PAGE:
The history of American comedies is, unfortunately, absolutely littered with homophobic humor. And one of the very worst offenders is 2002's "Boat Trip." A Cuba Gooding Jr./Horatio Sanz vehicle, the story concerns two men who enlist in a singles cruise, only to discover it's exclusively for gay men. They then pose as gay while trying to get closer to women who work on the boat. One can predict just where the plot goes from here and, worse still, what kind of jokes are utilized.

The entire enterprise uses the freedom of an R-rated comedy to make tired jokes about straight men being terrified of the very presence of gay people and how "gross" the thought of two dudes kissing is. Critics savaged the film for its rampant homophobia, though many writers also slammed the movie for being too tedious to even be fascinatingly bigoted. Rita Kempley of The Washington Post, for example, remarked that the tired and familiar attempts at comedy were just as insulting as the rampant gay panic material, adding that, "It's time many of the movie's more offensive gags ... went back into the closet."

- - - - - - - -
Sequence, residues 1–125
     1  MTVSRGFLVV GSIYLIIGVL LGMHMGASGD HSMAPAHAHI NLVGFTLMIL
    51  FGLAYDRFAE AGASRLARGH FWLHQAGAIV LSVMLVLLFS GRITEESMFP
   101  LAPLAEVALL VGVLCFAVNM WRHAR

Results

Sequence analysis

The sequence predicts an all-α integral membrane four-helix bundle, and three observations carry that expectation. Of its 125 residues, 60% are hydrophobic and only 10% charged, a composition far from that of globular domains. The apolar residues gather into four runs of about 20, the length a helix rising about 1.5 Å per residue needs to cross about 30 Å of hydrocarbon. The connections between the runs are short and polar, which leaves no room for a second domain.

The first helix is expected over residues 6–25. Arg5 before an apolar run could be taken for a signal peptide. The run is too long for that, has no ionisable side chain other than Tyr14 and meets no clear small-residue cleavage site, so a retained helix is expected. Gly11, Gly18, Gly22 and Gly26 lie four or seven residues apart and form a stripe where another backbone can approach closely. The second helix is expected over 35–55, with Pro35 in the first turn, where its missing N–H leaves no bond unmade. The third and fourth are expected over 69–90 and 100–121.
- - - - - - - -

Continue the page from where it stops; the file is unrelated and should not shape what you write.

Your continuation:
Two decades after its release, "Boat Trip" has only gotten worse with age and now serves as an appalling reminder of what passed for mainstream comedy as late as the 2000s.

Movie 43 is just a lame attempt at being vulgar

The anthology comedy "Movie 43" provides more stars than there are in the heavens across its various individual segments. It also provides more vulgarity than a bunch of middle school boys who just chugged eight Red Bulls after a night of scouring 4Chan. Whereas wall-to-wall crudeness in other comedies can help unearth some kind of deeper truth about humanity or simply provide two hours of escapism, "Movie 43" is now widely regarded as one of the worst comedies to ever hit theater screens. The participation of movie stars ranging from Hugh Jackman to Richard Gere to Emma Stone couldn't help elevate a film with a sense of comedy so immature that it would be an insult to sophomores to call it sophomoric.